J.B. Spins

Jazz, film, and improvised culture.

Monday, May 15, 2006

Harlem of the West

Harlem of the West: the San Francisco Fillmore Jazz Era
By Elizabeth Pepin and Lewis Watts
Chronicle Books
Tradepaper with extensive photos
0-8118-4548-6


The cover alone should convince readers of Harlem of the West: the San Francisco Fillmore Jazz Era's contention that an important time and place in the history of jazz was lost and nearly forgotten when city planners gutted the neighborhood. The first three musicians seen pictured from the left are John Handy, Pony Poindexter, and John Coltrane, sufficient evidence the Fillmore jazz scene was for real. Written by Elizabeth Pepin, with assistance from Lewis Watts, Harlem of the West is a well put together illustrated book that recaptures a forgotten chapter in jazz history.

In the 1940’s, 1950’s and 1960’s the Fillmore neighborhood of San Francisco was a thriving home to scores of jazz and blues clubs. Now the Fillmore Auditorium, transformed by Bill Graham into a legendary rock venue, is one of few surviving buildings from that era. Given Graham’s reputation, it might sound like exaggeration when Pepin writes:

“Most people only know about the Fillmore because of its auditorium, made famous by Bill Graham in the late 1960’s. Few are aware of its more important musical period in the decades preceeding.” (p. 13)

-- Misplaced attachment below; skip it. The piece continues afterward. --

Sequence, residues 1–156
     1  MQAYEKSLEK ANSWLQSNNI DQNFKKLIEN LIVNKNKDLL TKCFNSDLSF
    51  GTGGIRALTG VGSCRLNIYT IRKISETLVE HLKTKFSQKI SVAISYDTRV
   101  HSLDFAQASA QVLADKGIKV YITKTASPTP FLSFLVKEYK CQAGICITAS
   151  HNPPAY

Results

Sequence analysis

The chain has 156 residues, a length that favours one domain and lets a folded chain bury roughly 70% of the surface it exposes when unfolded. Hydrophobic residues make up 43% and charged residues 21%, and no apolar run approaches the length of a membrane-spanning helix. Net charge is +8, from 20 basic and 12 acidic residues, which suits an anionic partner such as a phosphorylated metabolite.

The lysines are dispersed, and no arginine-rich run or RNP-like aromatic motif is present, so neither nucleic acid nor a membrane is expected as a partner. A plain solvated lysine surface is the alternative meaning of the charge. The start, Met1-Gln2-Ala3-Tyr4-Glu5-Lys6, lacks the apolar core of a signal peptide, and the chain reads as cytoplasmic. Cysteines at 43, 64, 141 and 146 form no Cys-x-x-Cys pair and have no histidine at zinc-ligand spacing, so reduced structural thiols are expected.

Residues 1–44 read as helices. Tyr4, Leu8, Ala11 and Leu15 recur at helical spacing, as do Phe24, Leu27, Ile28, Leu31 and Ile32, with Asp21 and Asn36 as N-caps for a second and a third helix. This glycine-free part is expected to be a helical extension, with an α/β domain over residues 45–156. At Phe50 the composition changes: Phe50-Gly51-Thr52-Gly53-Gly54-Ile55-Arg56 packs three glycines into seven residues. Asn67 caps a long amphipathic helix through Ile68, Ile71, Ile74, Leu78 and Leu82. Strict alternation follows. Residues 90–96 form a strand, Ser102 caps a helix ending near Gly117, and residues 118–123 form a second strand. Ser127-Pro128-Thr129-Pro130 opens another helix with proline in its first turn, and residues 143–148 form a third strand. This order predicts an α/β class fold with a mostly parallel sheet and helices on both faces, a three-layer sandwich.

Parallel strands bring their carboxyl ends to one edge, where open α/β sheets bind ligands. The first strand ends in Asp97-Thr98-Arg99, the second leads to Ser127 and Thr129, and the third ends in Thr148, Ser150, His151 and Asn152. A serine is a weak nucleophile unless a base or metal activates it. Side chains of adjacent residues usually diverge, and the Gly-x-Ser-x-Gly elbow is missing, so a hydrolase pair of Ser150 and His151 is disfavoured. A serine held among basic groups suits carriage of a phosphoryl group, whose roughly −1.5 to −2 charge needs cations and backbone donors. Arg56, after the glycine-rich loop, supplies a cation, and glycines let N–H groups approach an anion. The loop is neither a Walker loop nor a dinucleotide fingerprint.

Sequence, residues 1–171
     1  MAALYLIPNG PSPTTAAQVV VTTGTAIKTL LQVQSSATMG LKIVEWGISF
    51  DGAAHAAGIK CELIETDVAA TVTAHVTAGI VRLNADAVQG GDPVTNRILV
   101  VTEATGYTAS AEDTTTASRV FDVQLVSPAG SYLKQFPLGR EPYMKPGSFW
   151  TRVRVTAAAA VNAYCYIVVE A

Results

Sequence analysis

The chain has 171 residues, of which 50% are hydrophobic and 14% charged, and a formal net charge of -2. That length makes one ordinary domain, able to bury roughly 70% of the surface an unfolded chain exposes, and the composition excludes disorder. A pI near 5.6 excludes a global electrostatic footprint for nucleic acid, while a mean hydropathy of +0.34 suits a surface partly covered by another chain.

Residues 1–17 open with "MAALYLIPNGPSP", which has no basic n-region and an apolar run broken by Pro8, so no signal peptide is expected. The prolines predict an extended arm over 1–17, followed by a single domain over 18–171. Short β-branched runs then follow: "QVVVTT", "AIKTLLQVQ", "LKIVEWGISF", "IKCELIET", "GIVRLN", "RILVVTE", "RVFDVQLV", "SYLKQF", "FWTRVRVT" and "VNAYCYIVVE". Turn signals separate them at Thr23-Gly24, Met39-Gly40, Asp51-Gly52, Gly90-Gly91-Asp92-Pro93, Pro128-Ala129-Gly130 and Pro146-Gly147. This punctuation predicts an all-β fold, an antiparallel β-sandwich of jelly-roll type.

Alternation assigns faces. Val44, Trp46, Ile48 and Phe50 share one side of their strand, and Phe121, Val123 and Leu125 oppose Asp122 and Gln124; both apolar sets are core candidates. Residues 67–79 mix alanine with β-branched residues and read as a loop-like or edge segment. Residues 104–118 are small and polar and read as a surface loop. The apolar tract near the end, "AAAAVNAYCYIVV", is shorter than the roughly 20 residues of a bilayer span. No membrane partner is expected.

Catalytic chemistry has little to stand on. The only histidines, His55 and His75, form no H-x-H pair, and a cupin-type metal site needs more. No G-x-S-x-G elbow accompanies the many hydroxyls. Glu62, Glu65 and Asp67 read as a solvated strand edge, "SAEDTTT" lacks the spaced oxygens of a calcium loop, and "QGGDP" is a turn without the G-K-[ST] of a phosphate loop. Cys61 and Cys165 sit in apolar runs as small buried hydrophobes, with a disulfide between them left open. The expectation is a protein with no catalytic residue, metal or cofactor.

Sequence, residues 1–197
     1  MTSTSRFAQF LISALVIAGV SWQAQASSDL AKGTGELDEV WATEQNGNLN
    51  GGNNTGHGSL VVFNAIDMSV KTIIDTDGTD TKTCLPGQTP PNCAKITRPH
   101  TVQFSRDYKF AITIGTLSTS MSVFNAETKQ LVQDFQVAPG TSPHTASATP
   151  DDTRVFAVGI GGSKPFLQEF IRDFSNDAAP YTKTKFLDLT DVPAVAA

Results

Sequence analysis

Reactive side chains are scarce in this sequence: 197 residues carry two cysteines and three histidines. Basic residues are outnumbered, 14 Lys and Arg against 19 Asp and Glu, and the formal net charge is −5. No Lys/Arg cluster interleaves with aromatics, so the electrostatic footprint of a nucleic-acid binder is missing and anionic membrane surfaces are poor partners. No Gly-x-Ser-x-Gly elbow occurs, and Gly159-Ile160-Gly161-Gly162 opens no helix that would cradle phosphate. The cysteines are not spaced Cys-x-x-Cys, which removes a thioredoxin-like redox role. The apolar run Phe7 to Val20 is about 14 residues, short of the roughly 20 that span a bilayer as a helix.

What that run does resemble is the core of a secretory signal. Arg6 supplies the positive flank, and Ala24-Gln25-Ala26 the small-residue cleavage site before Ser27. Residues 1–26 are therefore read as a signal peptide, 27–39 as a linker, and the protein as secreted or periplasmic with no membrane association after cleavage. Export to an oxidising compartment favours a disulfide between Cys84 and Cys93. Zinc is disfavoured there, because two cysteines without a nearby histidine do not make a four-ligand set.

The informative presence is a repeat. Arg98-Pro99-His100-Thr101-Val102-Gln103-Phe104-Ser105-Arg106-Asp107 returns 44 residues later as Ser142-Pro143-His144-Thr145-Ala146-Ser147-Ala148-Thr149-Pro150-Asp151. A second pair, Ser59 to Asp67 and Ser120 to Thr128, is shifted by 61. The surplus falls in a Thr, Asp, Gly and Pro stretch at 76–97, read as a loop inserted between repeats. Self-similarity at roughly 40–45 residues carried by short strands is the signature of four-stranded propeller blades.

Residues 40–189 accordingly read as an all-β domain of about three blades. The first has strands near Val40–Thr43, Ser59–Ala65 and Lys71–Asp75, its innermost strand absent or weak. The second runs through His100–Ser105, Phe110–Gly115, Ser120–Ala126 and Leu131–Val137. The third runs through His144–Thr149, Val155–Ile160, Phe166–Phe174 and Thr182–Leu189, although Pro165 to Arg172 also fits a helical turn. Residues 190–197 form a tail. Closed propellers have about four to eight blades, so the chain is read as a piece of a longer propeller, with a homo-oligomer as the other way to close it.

Yet, Pepin began her Fillmore research as an employee of Graham. The fact that clubs and establishments which hosted some of the finest jazz and blues entertainers could be so thoroughly removed from the neighborhood, and largely from memory, is a tragedy.

The photos collected in Harlem of the West, many recently discovered, are a time capsule from a different time. It was an era when people dressed up for a night on the town, and music was a major part of their plans. A number of great musicians, like Handy, Poindexter, Teddy Edwards, and Jerome Richardson, gigged in Fillmore clubs early in their careers, and there are wonderful images of them in this book.

There is a villain in Harlem of the West: the faceless bureaucrats who destroyed the neighborhood in the name of urban renewal. This is a book Justice Souter ought to read, as it makes clear the human price for eminent domain run amok.

John Handy told Pepin: “There wasn’t a Fillmore sound per say.” (p. 152) However, a tremendous about of excellent music was performed for appreciative audiences there. Sadly, that music was silenced by urban renewal policies, but Harlem of the West preserves the memories of that vibrant music scene.

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